(a) We do not look at the price in our case to determine whether Shimon
bought the ox for eating or for plowing - because we are speaking when the
price of meat jumped dramatically, so that there is no difference between
the price of an ox for plowing and an ox for Shechting.
(b) Despite the fact that, as we just explained, the purchaser received what
he paid for, he might claim that the sale is invalid and that he wants his
money back - to spare him the trouble of having to sell the meat.
(a) Rav and Shmuel must be speaking when Reuven actually has money with
which to pay - because otherwise he could anyway force Shimon to accept the
animal, as we learned in Bava Kama (the debtor can pay with any goods he
wishes, and is not obligated to sell his Metaltelin in order to pay cash).
(b) We can extrapolate from here Rav Huna's D'rashah "Yashiv", 'le'Rabos
Shaveh Kesef ke'Kesef' (permitting the debtor to pay with whatever he wishes
[the source of the previous D'rashah]) only applies when he does not have
cash with which to pay, but when he does, he is obligated to pay cash.
(c) We cannot confine this extrapolation to the actual money that Shimon
paid Reuven (whereas other money that Reuven had would not preclude him from
the right to pay Metaltelin) - because (bearing in mind that money is to
spend) there is no S'vara to differentiate between the money that he
received and other money.
(d) The Machlokes between Rav and Shmuel now is - whether we go after the
majority (of those who sell their animals for plowing [Rav]), or not (Shmuel
[because, in his opinion, we only follow the majority in matters of Isur,
but not of Mamon]).
We just concluded that Rav and Shmuel argue over whether a Rov can extract
money from the defendant. Even Shmuel agrees however, that a Rov determines
in matters of Isur, such as the case of nine shops - where someone purchased
meat and did not remember from which butchery he bought it. Assuming there
that nine of those butcheries sold Kasher meat and one of them non-Kasher
meat, the meat is Kasher.
(a) The Mishnah in Kesuvos rules - that if a widow or a divorcee claims that
she was a Besulah when she married (and is therefore entitled to a Kesuvah
of two hundred Zuz), whereas the husband claims that she was a widow (who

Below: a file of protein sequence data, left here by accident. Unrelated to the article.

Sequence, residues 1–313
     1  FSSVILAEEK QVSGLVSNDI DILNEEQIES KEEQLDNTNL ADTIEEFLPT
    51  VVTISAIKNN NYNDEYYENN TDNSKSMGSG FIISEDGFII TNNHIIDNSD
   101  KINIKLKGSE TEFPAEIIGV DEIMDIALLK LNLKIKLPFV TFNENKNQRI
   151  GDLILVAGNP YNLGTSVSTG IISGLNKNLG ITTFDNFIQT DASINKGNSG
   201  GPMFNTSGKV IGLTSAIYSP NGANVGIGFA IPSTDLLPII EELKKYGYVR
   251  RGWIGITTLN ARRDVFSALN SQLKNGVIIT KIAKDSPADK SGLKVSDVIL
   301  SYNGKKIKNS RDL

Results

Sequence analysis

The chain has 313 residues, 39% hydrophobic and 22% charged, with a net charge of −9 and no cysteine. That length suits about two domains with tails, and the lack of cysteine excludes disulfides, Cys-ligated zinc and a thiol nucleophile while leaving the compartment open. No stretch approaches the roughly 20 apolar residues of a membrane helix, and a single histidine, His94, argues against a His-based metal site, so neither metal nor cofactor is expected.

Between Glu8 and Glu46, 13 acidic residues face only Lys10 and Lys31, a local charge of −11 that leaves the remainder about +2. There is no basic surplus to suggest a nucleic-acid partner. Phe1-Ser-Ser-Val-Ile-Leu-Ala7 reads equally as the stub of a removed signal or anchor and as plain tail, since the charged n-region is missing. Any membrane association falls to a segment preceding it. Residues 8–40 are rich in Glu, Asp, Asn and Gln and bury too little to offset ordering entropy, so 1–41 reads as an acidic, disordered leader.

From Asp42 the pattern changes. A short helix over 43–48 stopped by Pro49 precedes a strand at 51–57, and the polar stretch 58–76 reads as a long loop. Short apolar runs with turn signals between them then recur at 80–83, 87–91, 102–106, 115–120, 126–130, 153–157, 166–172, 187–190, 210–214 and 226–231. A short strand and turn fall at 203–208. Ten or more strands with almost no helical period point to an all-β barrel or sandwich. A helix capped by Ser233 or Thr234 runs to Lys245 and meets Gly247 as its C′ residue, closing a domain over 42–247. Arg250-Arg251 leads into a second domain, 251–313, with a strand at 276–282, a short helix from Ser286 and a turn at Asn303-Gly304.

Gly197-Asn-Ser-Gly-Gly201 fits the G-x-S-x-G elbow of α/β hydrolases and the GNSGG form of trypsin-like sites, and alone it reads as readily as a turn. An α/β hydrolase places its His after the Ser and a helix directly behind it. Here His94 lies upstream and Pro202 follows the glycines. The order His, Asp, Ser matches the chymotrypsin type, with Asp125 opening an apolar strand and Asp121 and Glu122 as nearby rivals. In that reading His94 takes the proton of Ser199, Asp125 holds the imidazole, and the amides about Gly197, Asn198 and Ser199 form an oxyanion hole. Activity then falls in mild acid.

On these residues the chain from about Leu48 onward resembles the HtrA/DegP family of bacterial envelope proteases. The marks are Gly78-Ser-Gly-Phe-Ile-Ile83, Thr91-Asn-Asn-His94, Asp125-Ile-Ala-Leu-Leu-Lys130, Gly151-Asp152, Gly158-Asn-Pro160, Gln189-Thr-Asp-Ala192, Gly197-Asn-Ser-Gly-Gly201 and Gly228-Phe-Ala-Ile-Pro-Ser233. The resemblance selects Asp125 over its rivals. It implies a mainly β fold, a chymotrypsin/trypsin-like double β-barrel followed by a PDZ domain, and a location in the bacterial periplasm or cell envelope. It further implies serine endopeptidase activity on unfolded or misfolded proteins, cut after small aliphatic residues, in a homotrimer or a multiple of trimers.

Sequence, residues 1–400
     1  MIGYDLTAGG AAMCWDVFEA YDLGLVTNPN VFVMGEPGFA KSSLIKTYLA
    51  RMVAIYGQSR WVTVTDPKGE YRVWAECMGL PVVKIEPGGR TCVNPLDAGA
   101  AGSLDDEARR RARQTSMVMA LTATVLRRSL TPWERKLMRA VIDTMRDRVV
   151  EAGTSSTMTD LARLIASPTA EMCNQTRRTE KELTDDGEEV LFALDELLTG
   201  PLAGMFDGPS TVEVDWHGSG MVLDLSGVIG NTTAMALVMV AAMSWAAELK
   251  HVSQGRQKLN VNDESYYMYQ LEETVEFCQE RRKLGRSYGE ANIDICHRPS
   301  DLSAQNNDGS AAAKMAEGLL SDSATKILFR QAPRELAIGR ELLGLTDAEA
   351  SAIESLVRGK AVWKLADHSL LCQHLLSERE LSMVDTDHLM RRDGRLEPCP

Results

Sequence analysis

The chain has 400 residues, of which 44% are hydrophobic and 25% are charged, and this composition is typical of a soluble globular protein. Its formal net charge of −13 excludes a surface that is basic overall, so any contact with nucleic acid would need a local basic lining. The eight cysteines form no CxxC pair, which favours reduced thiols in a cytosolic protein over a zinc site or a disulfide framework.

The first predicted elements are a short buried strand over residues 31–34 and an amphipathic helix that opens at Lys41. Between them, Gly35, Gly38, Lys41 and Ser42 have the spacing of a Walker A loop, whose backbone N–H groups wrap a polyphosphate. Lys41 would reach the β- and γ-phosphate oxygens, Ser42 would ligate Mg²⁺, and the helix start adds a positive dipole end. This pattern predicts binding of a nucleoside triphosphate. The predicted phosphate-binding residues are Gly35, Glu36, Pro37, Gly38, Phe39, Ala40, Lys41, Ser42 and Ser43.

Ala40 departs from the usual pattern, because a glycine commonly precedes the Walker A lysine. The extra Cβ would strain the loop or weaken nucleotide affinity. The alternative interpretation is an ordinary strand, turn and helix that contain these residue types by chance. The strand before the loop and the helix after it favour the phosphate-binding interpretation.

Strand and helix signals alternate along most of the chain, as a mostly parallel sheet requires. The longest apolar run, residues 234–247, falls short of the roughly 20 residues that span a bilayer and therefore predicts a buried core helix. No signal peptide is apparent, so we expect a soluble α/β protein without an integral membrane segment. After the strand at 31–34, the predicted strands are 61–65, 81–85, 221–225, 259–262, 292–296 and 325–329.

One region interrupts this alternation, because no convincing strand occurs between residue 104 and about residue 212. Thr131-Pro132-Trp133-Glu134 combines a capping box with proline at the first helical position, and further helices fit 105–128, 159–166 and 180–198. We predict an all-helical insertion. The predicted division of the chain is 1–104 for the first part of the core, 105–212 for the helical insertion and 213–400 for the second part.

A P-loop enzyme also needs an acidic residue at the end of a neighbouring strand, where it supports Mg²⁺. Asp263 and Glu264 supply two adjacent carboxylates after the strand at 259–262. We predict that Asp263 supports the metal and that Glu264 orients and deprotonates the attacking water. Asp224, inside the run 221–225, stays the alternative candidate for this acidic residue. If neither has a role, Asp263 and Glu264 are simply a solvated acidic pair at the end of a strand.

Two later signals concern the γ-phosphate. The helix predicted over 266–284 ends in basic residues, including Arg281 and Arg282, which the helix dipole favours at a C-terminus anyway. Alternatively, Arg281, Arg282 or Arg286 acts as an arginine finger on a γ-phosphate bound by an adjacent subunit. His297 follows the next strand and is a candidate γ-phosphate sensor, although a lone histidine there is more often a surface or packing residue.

only receives a hundred) - she claims two hundred Zuz, but only if witnesses
testify that she married in the manner that Besulos do.
(b) This implies however - that without witnesses, she is only entitled to a
Manah, despite the fact most women marry as Besulos (a Kashya on Rav).
(c) Initially, we answer that most women marry as Besulos and *all Besulos
have a Kol* that they did, and that consequently, since the woman under
discussion did not have a Kol, unless she has witnesses, she only receives a
hundred Zuz (since the fact that there is no Kol outweighs the Rov). We
refute this answer however, on the grounds - that if that were so, why would
we even believe witnesses, who must be false, since there was no Kol.
(d) So we amend the previous answer to read (not all Besulos have a Kol that
they did, but) - that *most Besulos have a Kol* that they did (the lack of
which negates the Rov, but not witnesses).
(a) The Beraisa rules that if Reuven sold Shimon an Eved who turned out to
1. ... a Ganav or a kidnapper - the sale is valid.
(b) According to Shmuel (who does *not go after the majority* in
money-matters) the sale ought to be invalid in the Reisha too - because
someone who pays money for an Eved expects a healthy one, not a sick one (in
body or in mind).
2. ... an armed robber or a murderer who is wanted by the government - the
sale is not valid.
(c) The reason that the sale is valid, is (not because *the majority of
Avadim* are Ganavim and kidnappers, and we go after the majority, but) -
because *all Avadim are Ganavim and kidnappers*.